I briefly chatted to Callum, who had taken the notion of marking the ten-year anniversary of Peter Osgood’s passing to the next level. He had brought along three five metre banners, spelling out “Ossie The King”, but was a little concerned about smuggling them in to the stadium. I wished him well.

I chatted to Tom.

“Terrible drive up, Tom. Horrible conditions. Wet, spray, and that was just inside the car.”

The only surprise was that none of the local constabulary, nor the fine upstanding gentlemen of the Fulham OB, had called to visit. Nobody within the pub was looking for trouble, for sure, and there was a lovely relaxed feel, but you might expect the police to call by, especially since it was only a ten-minute walk to Carrow Road. Hardly anyone was wearing Chelsea colours of course. On away days such as these, when it is all about blending in and not making a scene, I always wonder about the sanity of others – few in number to be fair – who smother themselves in Chelsea regalia, then wonder why they are not allowed in to pubs and, on very rare occasions these days, get the occasional “slap” from a wannabee hoodlum from the host city.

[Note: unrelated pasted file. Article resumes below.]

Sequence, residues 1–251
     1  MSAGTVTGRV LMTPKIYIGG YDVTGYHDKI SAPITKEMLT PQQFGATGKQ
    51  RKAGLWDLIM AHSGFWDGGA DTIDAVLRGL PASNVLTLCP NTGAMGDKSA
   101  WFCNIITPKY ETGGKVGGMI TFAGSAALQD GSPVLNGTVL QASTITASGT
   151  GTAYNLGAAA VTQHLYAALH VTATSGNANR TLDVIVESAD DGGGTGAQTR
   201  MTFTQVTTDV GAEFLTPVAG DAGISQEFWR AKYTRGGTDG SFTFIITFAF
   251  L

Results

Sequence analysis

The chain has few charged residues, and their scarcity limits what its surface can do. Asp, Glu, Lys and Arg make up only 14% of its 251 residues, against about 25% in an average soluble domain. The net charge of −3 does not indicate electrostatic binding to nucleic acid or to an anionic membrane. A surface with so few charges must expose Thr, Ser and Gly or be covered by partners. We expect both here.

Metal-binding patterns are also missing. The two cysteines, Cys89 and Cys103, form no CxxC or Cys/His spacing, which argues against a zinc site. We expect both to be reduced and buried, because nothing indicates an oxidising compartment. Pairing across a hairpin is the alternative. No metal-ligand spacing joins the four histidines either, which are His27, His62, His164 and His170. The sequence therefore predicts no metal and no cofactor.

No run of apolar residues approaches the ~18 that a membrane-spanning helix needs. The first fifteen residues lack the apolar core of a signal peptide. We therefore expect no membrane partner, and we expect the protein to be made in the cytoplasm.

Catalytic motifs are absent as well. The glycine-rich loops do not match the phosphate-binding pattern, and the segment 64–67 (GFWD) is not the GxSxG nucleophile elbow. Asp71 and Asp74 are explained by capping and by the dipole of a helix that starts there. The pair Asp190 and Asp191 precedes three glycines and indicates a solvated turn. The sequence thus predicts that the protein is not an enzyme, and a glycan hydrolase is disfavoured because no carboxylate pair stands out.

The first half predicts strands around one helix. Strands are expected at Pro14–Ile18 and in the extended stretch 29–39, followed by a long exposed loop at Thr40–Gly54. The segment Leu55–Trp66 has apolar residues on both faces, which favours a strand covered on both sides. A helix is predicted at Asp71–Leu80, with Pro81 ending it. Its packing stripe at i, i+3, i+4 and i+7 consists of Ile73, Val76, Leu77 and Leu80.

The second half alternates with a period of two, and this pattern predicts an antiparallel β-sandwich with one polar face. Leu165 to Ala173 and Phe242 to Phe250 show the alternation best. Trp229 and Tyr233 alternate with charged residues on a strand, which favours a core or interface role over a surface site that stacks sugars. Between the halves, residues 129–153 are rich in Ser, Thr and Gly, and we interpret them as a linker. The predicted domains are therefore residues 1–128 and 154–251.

“Another San Miguel, please.”

Amid the banter and laughter, Peter Osgood filtered through my thoughts. Everyone has an Ossie story, and it has been wonderful reading about some of his escapades the past few days. I always remember a story that he told at an evening in Warminster in around 1997. Peter was in great form that night and this one story is not often shared. It went something like this.

“I was an Arsenal fan as a boy, to be fair, and when I was around fifteen I was playing for a team in my home town of Windsor called Spittal’s Old Boys. One day I had heard that Chelsea had sent a chap down, a scout, to watch me play, but I had already played a full game in the morning. I ended up only playing a half. I scored a couple. I thought I had done OK, but maybe not enough to impress the Chelsea representative. Believe it or not, ladies and gentlemen, he had been impressed with what he had seen, and had decided to sign me up for Chelsea there and then. Well, this was fantastic. Only half a game, and I was going to Chelsea. Fantastic.”

There was a pause, and I had an idea there would be a punchline.

“So, that just goes to show how easy it was, in those days, to sign for Tottenham.”

The crowd erupted in laughter. Nice one Os.

The pints were flowing, and the clock behind the bar appeared to be standing still. More fans arrived. We could hardly move. Laugh after laugh, pint after pint. Eventually, the time passed and it was time to move on. It was around 6.45pm.